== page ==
Meislahn and Thornton pushed back against this approach, each citing over two decades working in admissions.
“Vague questions lead to very vague answers, that’s my experience,” Meislahn said. “In some cases, the worst case is when we don’t understand the story. That there are gaps or that everything just doesn’t line up. Those are ones that we kind of move on [from].”
Kline responded with a perspective on how the box is complicit in the system of mass incarceration in the United States, and how removing this box is a step toward disentangling the University’s role in it.
“I don’t think that the Wesleyan application process is the place where you will make a dent in mass incarceration, and I appreciate you wanting to make such a dent,” Roth said. “I think we’re trying to figure out how to have an application that doesn’t discourage people who have been previously incarcerated but to get information from people about important aspects in their lives that include interactions with the criminal justice system or with disciplinary structures at their schools.”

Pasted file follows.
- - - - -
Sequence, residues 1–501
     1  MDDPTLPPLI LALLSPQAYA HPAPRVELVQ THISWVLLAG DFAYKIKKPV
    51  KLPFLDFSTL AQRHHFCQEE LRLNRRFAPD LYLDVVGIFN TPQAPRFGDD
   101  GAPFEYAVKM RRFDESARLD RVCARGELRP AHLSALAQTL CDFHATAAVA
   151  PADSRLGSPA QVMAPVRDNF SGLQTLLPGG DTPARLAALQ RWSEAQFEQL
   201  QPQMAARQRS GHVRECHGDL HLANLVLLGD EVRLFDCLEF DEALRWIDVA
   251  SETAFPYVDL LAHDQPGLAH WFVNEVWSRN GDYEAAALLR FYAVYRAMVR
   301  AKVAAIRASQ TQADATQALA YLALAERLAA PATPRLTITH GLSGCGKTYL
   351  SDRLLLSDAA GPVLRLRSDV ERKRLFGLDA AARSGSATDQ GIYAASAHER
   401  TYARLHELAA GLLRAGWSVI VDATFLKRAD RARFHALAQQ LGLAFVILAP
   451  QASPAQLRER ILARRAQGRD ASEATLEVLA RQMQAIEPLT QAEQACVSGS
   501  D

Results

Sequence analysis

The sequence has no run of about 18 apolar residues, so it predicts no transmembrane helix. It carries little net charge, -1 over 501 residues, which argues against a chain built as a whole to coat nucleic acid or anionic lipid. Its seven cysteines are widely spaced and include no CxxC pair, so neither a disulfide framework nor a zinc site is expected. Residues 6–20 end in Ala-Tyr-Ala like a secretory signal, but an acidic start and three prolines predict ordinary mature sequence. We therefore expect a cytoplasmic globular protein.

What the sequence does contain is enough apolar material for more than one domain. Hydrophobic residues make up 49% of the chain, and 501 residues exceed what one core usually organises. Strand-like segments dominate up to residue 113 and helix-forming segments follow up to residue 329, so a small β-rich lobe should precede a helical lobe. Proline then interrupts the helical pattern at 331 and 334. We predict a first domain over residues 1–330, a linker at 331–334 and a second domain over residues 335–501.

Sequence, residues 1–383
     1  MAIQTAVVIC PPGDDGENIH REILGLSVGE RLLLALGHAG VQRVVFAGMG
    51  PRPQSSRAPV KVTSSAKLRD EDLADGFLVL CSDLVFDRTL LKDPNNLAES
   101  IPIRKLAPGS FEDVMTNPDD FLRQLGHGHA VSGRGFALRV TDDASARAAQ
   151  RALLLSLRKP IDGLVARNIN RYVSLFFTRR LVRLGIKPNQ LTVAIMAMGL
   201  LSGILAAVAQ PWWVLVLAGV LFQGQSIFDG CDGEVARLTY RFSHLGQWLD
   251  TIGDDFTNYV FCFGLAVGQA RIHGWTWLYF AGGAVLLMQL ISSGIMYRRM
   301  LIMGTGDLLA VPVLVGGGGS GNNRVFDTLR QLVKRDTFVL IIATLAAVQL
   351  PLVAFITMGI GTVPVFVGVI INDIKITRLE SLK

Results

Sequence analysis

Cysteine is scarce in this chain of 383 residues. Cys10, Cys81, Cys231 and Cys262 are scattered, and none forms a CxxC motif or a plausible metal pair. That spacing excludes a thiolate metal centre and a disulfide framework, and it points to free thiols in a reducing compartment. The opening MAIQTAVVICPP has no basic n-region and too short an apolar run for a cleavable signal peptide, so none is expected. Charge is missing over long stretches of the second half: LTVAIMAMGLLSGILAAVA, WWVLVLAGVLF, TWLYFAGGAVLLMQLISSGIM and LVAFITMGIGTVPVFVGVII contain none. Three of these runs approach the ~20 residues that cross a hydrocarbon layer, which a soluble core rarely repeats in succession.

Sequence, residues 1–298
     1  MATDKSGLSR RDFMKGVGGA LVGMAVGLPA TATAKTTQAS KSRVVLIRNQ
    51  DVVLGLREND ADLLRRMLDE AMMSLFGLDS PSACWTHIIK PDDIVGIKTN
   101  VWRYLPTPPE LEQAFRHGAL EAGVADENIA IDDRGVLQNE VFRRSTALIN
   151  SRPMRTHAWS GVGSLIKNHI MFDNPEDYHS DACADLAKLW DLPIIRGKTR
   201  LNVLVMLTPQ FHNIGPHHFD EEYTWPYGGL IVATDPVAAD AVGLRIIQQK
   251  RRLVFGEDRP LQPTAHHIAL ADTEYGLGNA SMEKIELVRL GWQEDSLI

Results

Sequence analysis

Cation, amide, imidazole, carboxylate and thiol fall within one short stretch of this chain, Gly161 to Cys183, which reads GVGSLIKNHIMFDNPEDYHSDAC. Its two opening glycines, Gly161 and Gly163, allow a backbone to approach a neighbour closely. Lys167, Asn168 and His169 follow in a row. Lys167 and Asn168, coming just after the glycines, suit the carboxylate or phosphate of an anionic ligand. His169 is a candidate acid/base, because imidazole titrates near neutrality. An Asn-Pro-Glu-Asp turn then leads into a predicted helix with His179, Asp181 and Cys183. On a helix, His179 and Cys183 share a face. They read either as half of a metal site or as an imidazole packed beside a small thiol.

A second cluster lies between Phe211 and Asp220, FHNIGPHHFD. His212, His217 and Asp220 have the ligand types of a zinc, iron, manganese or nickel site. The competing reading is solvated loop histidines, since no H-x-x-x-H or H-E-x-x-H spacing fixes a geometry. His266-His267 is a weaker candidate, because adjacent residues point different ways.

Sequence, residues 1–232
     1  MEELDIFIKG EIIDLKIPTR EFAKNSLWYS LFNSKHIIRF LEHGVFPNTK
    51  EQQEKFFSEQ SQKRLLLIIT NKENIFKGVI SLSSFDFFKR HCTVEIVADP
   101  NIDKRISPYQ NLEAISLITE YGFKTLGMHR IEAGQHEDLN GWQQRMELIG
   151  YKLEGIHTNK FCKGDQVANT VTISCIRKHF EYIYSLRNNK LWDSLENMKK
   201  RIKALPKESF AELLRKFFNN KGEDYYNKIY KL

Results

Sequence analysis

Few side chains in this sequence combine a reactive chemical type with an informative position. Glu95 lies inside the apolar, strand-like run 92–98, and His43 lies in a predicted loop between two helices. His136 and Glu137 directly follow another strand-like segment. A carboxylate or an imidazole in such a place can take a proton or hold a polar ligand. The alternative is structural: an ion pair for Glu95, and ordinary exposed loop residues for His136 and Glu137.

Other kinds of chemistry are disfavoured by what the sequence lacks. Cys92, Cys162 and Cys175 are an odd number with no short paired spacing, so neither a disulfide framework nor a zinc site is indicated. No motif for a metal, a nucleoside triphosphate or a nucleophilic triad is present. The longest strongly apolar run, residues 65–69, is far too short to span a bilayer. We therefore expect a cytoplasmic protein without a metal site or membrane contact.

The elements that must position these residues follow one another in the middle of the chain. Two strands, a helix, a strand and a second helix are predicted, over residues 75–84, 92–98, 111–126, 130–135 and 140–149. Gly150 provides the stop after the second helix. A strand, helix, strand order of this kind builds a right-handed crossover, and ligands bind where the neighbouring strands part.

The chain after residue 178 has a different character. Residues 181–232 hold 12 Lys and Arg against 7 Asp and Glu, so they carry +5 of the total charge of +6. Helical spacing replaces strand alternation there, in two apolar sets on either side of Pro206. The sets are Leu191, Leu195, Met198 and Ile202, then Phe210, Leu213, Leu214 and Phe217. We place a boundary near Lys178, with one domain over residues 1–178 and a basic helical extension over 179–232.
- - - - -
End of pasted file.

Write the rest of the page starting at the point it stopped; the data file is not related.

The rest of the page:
At this point in the meeting, Roth had to leave. Before departing, he agreed that both SEMI and the administration should take separate attempts to construct their own versions of the question, with the intention of continuing discussion and collaboration in the future.
“I don’t want to lose sight that we have made progress—the blind reading, the language about encouraging people to apply,” Roth said.